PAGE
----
Surf’s up off Morocco’s Atlantic coast

International surfing stars have significantly helped promote the sport in the last two decades in Morocco.
Sunday 10/03/2019
A surfer trains at the famous spot of Anchor Point in Taghazout Beach in southern Morocco.   (Reuters)
A surfer trains at the famous spot of Anchor Point in Taghazout Beach in southern Morocco. (Reuters)

CASABLANCA - Warm temperatures throughout the year, great waves along the 1,835km Atlantic coast and cheap flights from Europe have made Morocco one of the world’s most popular surf destinations.

France’s Benoit Carpentier and his team chose the Moroccan city of Dakhla to prepare for the Stand Up Paddling World tour in Hawaii.

In an interview with Surf-report.com, Carpentier, the 2017 European champion, said Morocco was the perfect annual surf trip, thanks to its warm waters, long hours of sunshine and hospitality.

“For all these reasons Morocco has become for more than 10 years for the Carpentier family the surf trip that opens the new year! Sidi Ifni and especially Imsouane were our drop-off points for many years interspersed with two transfers to Dakhla already in 2011 and 2013,” said Carpentier.

Edward Delpero, French vice-world champion of longboard, described the breathtaking sky lights that Morocco offers at dawn and dusk.

“Sometimes you travel for months in search of waves that never come but sometimes patience is rewarded,” Delpero told Surfsession.com. “There are also moments during business trips where we end up exchanging tickets for four additional days to try to score, that’s what happened here, and it was one of my best — albeit shorter — expeditions in this region that is dear to me: in the Land of the Sidi.”

International surfing stars have significantly helped promote the sport in the last two decades in Morocco with interviews and videos posted on social media.

Casablanca has an international surf competition every year in September. Anfaplace Pro Casablanca is a stage of the Qualifying Series circuit.

Several surf schools in Casablanca are offering surf and bodyboard lessons for beginners.

Kamal Nady, the owner of Casa Surfhouse surf school, set up his hut in 2013 at Casablanca’s Ain Diab beach but has been teaching surf since 2008.

“Our customers are mainly Moroccans because our goal is to improve the level in Morocco,” Nady said. “Foreign tourists come to our surf school during the holiday season.”

Surf Instructor Tarik Belmqeddam uses a Facebook page titled “Surf Morocco Centre” to lure tourists to Morocco.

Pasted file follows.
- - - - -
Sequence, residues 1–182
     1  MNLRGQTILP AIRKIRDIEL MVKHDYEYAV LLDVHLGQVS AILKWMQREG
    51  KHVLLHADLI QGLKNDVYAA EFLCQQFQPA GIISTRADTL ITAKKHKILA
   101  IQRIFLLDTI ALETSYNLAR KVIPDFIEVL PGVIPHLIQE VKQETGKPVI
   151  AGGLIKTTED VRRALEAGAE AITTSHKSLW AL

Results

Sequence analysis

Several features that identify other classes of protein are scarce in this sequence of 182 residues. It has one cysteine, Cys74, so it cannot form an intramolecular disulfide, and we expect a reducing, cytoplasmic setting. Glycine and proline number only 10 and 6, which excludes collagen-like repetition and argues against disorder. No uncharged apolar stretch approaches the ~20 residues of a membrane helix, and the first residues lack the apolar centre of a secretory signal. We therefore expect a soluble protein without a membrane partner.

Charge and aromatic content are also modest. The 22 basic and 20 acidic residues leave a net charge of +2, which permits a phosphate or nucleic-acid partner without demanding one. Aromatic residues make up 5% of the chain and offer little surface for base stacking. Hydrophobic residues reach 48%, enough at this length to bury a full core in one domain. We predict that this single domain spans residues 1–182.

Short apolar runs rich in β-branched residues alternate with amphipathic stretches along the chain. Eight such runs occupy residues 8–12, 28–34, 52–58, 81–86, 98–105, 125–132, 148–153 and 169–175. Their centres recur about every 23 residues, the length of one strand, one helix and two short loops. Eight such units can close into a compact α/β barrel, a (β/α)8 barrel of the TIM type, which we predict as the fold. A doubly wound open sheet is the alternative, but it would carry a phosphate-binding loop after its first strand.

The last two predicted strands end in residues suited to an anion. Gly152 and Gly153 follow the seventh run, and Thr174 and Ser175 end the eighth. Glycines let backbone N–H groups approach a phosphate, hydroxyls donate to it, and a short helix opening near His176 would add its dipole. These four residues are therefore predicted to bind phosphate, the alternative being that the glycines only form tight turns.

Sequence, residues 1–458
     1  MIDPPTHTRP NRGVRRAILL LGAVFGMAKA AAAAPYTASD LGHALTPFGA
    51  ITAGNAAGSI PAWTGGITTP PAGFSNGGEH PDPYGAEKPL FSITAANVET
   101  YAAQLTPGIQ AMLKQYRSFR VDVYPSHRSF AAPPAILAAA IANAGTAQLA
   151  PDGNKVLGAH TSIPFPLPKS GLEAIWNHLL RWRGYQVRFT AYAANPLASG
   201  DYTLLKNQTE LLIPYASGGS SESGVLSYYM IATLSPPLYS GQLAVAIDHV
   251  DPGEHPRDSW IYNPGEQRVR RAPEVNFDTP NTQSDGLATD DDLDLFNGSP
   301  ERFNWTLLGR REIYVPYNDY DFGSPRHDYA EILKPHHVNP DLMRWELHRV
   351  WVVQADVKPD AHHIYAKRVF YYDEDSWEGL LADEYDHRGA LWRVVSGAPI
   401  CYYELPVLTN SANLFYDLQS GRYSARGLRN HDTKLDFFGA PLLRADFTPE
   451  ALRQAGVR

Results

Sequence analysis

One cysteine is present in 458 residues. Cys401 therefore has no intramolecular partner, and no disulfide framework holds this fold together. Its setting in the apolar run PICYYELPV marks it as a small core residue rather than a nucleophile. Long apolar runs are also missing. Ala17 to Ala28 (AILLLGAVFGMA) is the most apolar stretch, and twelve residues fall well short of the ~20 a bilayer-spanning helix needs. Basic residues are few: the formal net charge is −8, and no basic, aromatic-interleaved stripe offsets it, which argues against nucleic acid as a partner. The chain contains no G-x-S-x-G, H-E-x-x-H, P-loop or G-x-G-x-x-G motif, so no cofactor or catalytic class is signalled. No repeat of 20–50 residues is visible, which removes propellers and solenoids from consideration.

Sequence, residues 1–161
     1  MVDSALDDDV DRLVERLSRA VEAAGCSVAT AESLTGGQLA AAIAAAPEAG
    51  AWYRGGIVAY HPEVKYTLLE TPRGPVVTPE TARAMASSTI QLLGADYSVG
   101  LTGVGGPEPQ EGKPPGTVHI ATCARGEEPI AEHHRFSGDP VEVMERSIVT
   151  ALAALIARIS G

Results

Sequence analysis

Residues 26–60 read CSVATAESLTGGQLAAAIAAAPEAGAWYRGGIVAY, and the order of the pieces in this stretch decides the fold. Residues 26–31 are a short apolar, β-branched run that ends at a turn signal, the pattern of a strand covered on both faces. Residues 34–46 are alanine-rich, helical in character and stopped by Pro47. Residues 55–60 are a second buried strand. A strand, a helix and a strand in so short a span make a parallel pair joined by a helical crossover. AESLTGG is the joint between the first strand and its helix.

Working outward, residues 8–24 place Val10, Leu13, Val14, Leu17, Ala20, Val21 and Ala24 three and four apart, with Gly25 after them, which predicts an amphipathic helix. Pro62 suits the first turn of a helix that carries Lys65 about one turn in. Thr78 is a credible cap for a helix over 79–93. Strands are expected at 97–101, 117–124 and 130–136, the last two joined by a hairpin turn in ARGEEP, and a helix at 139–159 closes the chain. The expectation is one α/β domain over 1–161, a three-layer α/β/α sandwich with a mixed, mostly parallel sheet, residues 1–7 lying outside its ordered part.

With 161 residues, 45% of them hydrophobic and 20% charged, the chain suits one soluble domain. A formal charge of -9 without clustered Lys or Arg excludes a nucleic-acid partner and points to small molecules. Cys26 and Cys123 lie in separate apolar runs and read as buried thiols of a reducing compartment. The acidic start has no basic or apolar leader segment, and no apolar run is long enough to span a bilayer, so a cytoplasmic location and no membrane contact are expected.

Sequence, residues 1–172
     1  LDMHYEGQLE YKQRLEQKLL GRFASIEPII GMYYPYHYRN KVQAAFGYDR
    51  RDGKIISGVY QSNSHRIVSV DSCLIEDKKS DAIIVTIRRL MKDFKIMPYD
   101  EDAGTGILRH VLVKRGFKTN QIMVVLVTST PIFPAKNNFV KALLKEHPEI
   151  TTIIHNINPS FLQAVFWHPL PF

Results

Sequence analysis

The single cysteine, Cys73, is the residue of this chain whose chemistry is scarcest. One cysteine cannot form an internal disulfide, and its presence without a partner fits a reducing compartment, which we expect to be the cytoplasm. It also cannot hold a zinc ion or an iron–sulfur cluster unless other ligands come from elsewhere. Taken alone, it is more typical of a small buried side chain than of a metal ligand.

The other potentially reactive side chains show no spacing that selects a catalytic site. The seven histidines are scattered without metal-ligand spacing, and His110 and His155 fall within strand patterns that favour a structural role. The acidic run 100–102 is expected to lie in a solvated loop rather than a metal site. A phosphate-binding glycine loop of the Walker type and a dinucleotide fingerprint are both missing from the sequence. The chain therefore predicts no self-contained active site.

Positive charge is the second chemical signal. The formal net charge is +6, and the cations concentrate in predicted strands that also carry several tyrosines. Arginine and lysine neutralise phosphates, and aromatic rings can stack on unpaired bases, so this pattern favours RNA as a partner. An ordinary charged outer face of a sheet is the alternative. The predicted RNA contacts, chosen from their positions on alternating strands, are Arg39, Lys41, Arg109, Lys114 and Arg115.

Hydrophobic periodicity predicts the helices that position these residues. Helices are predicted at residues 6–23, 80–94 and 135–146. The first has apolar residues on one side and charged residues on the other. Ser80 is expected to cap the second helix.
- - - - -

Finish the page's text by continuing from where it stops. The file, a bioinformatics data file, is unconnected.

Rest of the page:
“In the Casablanca region, instructors have their huts equipped with boards unlike in the southern region, where most instructors drive their 4x4s from one spot to another in accordance with their clients’ demands,” Belmqeddam, 35, said while driving to meet surfers near Agadir.

Surfers and hippies have been flocking to the village of Taghazout for decades to take advantage of its famous Anchor Point, laid-back atmosphere and accommodations that meet tourists’ varied budgets.

Tourism and surfing have drastically changed the village of about 5,000 inhabitants who once relied on fishing to make ends meet. Many tourists have stayed and set up surfing-related businesses, helping Taghazout become one of Morocco’s most visited surfing spots.

Belmqeddam, who used to live in London and take customers from England to Morocco, relies on good customer reviews on social media and word-of-mouth to promote his business.

“It was amazing! The instructor was very nice and professional, and he was always taking care of us and helping us. Instead of staying in Essaouira, he took us to a beautiful place called Imsouane, where we surfed. After that we had a fish barbecue, Without a doubt I’ll come back!” wrote Isabel Fernandez Del Campo Agui’s Facebook page.

Belmqeddam charges 500 euros ($568) for his 7-day package that includes accommodation, surf lessons and breakfast.

Ben O’Hara and Oliver Boswell from Britain set up Surf Maroc 15 years ago for surfers in Taghazout after they made several trips to the village as university students. Surf Maroc offers packages that include beachfront accommodation, food and a surf coaching curriculum for both beginner and intermediate surfers from $780.

For those who are looking for an unusual experience on the go, the Truck Surf Hotel is the answer. Created by travel guide Daniela Carneiro and surf instructor Eduardo Ribeiro, the truck can transport passengers to the best surf spots on the Atlantic coast while offering comfortable mobile accommodation.

Surf instructors recommend October to April as the best period to surf in Morocco with the best spots, including the famous Ras Lefaa (“Head of the Snake”) spot in Safi, between Essaouira and Taghazout.

Surfers walk along the beach in Casablanca.       (AFP)
Surfers walk along the beach in Casablanca. (AFP)
Boogie boarders ride the surf break during high tide at Asfi Beach, known as Ras Lafaa, in southern Morocco.    (Reuters)
Boogie boarders ride the surf break during high tide at Asfi Beach, known as Ras Lafaa, in southern Morocco. (Reuters)
Beach umbrellas are seen in front of surfers competing in Taghazout.   (AFP)
Beach umbrellas are seen in front of surfers competing in Taghazout. (AFP)
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